BSc Computer Science and Mathematics / Course details

Year of entry: 2020

Course unit details:
Numerical Analysis 1

Unit code MATH20602
Credit rating 10
Unit level Level 2
Teaching period(s) Semester 2
Offered by Department of Mathematics
Available as a free choice unit? No

Overview

Numerical analysis is concerned with finding numerical solutions to problems for which analytical solutions either do not exist or are not readily or cheaply obtainable. This course provides an introduction to the subject, focusing on the three core topics of iteration, interpolation and quadrature.

The module starts with 'interpolation schemes', methods for approximating functions by polynomials, and 'quadrature schemes', numerical methods for approximating integrals, will then be explored in turn. The second half of the module looks at solving systems of linear and nonlinear equations via iterative techniques. In the case of linear systems, examples will be drawn from the numerical solution of differential equations.

Students will learn about practical and theoretical aspects of all the algorithms. Insight into the algorithms will be given through MATLAB illustrations, but the course does not require any programming.

Pre/co-requisites

Unit title Unit code Requirement type Description
Foundations of Pure Mathematics A MATH10101 Pre-Requisite Compulsory
Foundations of Pure Mathematics B MATH10111 Pre-Requisite Compulsory
Linear Algebra A MATH10202 Pre-Requisite Compulsory
Linear Algebra B MATH10212 Pre-Requisite Compulsory
Sequences and Series MATH10242 Pre-Requisite Compulsory
Real Analysis A MATH20101 Pre-Requisite Compulsory
Real Analysis B MATH20111 Pre-Requisite Compulsory

Aims

The course unit unit aims to introduce students to theoretical and practical aspects of the numerical solution of linear and nonlinear equations, the approximation of functions by polynomials and the approximation of integrals via quadrature schemes.

Learning outcomes

On completion of this unit successful students will be able to:

  • demonstrate, and mitigate for the effect of, non-exact arithmetic on the approximation of simple mathematical calculations,
  • quantify the computational cost of simple numerical algorithms, and apply Horner’s rule for the efficient evaluation of polynomials,
  • construct, apply theorems regarding, and analyse the error of, interpolating polynomials which pass through a given set of coordinates,
  • construct, apply theorems regarding, and analyse the error of, quadrature schemes for the numerical approximation of integrals,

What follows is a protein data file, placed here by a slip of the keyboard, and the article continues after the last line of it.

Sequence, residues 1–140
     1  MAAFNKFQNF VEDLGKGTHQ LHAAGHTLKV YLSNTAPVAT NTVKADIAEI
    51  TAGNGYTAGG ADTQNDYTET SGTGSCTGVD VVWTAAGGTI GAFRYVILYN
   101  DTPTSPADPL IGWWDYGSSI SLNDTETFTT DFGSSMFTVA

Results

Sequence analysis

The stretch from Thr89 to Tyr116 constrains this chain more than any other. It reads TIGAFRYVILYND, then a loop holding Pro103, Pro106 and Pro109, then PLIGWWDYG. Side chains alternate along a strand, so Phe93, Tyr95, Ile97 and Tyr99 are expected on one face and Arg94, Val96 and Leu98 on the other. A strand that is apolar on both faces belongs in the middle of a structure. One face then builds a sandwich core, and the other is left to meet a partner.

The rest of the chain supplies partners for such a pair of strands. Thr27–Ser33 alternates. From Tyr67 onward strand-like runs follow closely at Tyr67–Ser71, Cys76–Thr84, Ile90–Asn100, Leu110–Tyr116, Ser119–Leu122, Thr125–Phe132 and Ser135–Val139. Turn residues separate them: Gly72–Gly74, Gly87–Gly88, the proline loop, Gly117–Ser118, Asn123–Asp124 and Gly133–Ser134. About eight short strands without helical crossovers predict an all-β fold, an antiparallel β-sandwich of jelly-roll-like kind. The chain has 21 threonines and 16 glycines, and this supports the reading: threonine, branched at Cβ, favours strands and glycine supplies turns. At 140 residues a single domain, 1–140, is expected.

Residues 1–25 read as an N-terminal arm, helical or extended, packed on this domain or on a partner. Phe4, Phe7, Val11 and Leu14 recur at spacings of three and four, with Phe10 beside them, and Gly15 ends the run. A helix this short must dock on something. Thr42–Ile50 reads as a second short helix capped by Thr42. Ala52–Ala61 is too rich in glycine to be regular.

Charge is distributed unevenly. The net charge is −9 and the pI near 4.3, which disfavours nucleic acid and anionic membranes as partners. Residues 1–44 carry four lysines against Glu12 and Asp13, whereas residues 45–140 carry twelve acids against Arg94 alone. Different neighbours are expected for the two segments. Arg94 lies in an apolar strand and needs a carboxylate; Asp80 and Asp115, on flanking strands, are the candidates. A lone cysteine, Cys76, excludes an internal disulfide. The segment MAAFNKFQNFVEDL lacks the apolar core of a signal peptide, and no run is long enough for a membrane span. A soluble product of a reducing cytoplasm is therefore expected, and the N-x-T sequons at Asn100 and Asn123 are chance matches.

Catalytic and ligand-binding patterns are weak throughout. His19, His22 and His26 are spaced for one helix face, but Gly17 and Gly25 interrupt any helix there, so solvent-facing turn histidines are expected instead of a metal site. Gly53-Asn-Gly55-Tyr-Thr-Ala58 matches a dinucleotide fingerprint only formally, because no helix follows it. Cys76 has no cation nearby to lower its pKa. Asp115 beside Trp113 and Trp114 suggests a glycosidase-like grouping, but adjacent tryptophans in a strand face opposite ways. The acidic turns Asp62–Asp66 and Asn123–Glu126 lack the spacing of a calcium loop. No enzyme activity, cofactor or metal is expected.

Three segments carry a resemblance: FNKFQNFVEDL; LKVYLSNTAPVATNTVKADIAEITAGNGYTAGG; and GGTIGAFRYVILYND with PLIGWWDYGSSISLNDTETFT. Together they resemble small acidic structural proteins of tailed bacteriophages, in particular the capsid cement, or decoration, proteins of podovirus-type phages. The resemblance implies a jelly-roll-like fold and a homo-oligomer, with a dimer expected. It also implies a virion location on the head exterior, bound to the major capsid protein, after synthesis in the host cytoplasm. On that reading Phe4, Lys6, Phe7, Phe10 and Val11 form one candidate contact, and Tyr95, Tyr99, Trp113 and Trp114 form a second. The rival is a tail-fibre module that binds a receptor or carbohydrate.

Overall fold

• construct interpolation and quadrature schemes which are accurate up to a given degree of precision, and justify using theoretical results,
  • implement iterative methods for the approximation of solutions to linear and non-linear equations,
  • apply theorems regarding the convergence of such iterative schemes to given examples,
  • apply the results of, and methods used in, proofs from theorems in the course in familiar and unseen settings.

Syllabus

1.Introduction to numerical analysis. Floating point arithmetic. Catastrophic cancellation and the quadratic equation formula. Efficiency and Horner's method. [3 lectures]

2.Approximation. Lagrange interpolation. Uniqueness and existence of interpolants. Error estimates. Runge's example. Divided difference form of interpolant. Application to quadrature. [6]

3.Linear Algebra. PDE example to introduce sparse matrices. Iterative vs direct methods. Examples of iterative methods (Jacobi, Gauss-Seidel). Vector Norms. Eigenvalues, eigenvectors, spectral radius. Convergence criteria. Error bounds, matrix norms, and condition number. [7]

4.Solving nonlinear equations. Solution of nonlinear equations by the bisection method, fixed point iteration, and Newton's method. Discussion in one and two dimensions. [6]

Assessment methods

Method Weight
Other 20%
Written exam 80%
  • Coursework; Weighting within unit 20%
  • 2 hours end of semester examination; Weighting within unit 80%

Feedback methods

Feedback tutorials will provide an opportunity for students' work to be discussed and provide feedback on their understanding.  Coursework or in-class tests (where applicable) also provide an opportunity for students to receive feedback.  Students can also get feedback on their understanding directly from the lecturer, for example during the lecturer's office hour.

Recommended reading

  • Endre Suli and David Mayers, An Introduction to Numerical Analysis, Cambridge University Press 2003.
  • Richard L. Burden and J. Douglas Faires, Numerical Analysis, Brookes Cole 2004.
  • Desmond J. Higham and Nicholas J. Higham, MATLAB Guide, Second edition, SIAM 2005.

Study hours

Scheduled activity hours
Lectures 22
Tutorials 11
Independent study hours
Independent study 67

Teaching staff

Staff member Role
Simon Cotter Unit coordinator

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